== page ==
Named by the Guinness Book of World Records as the world’s longest Drivable roads, the Pan American Highway has its own share of dangerous sections too. The highway runs for over 30,000 miles cutting through the North and South American continents. Many competent truckers have made it from Prudhoe Bay in Alaska to the lower cities of South America. As any Trucker who has had the honor of completing this challenge will tell you, the most treacherous section of this highway lies in Costa Rica. In fact this section is so perilous that it is considered as one world’s most dangerous roads.
The State Of Roads In Costa Rica
There are three categories for Costa Rican country roads. They range from bad, terribly bad, and extremely atrocious. Most sections of the Pan American Highway in Costa Rica are either a network of unpaved but connected routes or paved surfaces riddled with untold number of large potholes. Roads in Costa Rica are normally paved with an economically thin layer of asphalt which is easily washed away in most sections during the rainy season. This creates numerous potholes rarely addressed by the government.
Any “reluctant” attempt by the government to fill the potholes only results in half baked work which worsen the road conditions by creating a pattern of bumpy rises amid potholes. Ironically the less travelled roads such as the route leading south from Dominical to Palmar, or the northwest road that cuts across Volcanos Tenerio and Miravalles to Orosi, get the smoothest and thickest layer of asphalt. Some sections of the Pan American Highway in Costa Rica are simply bare gravel and in such a bad need of maintenance that most local and foreign Truckers wonder if the country has road graders.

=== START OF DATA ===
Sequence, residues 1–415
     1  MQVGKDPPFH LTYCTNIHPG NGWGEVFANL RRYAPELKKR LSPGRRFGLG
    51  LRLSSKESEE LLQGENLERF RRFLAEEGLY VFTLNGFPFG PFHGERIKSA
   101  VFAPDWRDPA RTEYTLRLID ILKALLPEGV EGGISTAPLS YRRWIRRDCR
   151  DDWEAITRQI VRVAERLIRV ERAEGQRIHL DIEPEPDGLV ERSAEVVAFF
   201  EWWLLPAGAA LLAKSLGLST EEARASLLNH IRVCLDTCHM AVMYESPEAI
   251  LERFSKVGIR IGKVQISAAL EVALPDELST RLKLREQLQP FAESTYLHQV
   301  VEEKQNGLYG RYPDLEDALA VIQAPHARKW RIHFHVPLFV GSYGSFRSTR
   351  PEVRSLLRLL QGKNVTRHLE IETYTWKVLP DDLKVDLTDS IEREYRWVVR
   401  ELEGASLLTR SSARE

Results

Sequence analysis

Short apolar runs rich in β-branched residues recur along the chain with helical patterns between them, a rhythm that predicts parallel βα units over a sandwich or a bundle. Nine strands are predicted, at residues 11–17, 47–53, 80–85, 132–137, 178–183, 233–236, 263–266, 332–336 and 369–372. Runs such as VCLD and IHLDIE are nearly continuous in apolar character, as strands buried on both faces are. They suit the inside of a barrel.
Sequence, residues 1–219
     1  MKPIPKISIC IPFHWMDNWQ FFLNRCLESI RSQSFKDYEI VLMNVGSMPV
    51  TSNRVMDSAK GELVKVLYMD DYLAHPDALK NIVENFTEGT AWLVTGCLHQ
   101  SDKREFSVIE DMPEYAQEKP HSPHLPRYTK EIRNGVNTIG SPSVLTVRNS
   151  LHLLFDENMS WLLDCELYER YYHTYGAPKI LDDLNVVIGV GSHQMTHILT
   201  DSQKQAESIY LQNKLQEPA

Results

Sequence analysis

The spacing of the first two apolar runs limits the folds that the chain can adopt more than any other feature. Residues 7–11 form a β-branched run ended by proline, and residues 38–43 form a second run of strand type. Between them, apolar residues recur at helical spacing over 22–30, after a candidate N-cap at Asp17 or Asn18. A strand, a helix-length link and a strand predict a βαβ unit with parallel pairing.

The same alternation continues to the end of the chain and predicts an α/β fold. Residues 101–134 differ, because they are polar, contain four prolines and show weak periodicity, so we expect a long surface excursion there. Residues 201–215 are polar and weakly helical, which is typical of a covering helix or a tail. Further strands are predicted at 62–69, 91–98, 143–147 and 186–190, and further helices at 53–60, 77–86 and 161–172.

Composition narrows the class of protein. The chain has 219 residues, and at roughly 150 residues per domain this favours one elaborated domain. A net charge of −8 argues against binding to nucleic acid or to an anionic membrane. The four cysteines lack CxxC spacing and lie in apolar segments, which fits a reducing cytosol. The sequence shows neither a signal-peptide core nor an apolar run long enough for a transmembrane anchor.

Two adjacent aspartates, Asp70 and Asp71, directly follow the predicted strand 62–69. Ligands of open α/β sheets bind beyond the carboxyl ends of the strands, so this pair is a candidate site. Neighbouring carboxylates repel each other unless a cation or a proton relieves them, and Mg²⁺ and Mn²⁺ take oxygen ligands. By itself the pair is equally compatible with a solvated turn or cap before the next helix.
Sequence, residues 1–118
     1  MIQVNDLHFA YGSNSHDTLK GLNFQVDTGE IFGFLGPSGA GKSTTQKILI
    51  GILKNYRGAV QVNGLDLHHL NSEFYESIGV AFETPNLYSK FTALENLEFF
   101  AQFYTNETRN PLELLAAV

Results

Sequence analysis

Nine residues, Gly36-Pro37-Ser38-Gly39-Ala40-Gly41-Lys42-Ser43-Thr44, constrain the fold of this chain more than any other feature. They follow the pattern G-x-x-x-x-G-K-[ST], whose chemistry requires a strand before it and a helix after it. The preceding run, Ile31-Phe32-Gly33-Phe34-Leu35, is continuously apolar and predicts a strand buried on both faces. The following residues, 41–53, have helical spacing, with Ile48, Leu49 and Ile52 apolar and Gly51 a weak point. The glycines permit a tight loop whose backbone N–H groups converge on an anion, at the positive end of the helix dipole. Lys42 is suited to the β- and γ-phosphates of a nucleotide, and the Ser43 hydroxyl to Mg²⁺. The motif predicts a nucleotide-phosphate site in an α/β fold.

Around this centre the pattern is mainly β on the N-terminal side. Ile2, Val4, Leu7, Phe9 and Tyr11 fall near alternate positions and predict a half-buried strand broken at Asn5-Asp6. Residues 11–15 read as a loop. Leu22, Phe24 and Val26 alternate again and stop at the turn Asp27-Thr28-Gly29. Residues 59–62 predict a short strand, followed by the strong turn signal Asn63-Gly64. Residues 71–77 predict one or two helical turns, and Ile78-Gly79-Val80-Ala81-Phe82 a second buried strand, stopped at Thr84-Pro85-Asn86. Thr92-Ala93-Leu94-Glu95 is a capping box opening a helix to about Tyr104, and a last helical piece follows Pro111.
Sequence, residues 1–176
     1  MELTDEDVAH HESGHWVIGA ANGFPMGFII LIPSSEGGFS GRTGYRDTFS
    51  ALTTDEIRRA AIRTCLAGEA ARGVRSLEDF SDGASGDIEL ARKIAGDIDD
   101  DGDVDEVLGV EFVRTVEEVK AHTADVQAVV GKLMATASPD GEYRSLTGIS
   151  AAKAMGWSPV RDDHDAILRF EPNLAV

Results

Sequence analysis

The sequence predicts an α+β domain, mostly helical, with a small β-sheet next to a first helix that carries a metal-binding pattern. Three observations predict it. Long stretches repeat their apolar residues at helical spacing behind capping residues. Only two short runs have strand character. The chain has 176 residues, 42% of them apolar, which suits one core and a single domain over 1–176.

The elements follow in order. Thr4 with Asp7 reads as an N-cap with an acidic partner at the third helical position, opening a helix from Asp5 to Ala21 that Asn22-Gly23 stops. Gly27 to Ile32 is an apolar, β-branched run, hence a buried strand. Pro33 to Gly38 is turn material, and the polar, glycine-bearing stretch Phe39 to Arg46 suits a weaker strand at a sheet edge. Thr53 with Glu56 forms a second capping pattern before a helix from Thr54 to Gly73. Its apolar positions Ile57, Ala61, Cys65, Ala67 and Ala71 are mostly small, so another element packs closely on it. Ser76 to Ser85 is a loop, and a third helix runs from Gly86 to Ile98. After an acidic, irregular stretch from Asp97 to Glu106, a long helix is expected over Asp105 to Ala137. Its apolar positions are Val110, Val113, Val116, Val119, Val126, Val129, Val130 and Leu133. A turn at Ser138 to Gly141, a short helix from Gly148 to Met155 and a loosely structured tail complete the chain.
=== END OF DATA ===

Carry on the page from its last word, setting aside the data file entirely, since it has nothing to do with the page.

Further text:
The situation is worse on unpaved roads. These roads are basically made of crushed rock. Truckers have developed a high level of dexterity from driving side to side in search of the flattest stretch to drive on. There are potholes on unpaved roads too. The norm is to take your time driving around the potholes while seeking for the flattest surface with the sole guidance of the roads center line, wherever there is one. A speed of 20 kilometers per hour while circumventing potholes and rocky bumps along this road is an impressive feat for a seasoned Trucker.
Truckers have learned to memorize the exact location of some of the worst potholes. These are deep crevices with sharp edges which suddenly appear after a relieving mile or two on paved highway. The government seems reluctant to repair these sudden crevices probably because all truckers and local drivers seem to have memorized the exact location of these potholes. The same applies to highway signs because you will hardly see any along the highway. The locals always know where they are, they have no need for signs.
Truckers will tell you that the terribly bad section between Tilaran and Monteverde is a driver’s paradise compared to the atrocious condition of the stretch known as the Hill of Death between San Isidiro de El General to Cartago. The highway has earned a place among the world’s most dangerous roads primarily because of this Hill of Death section.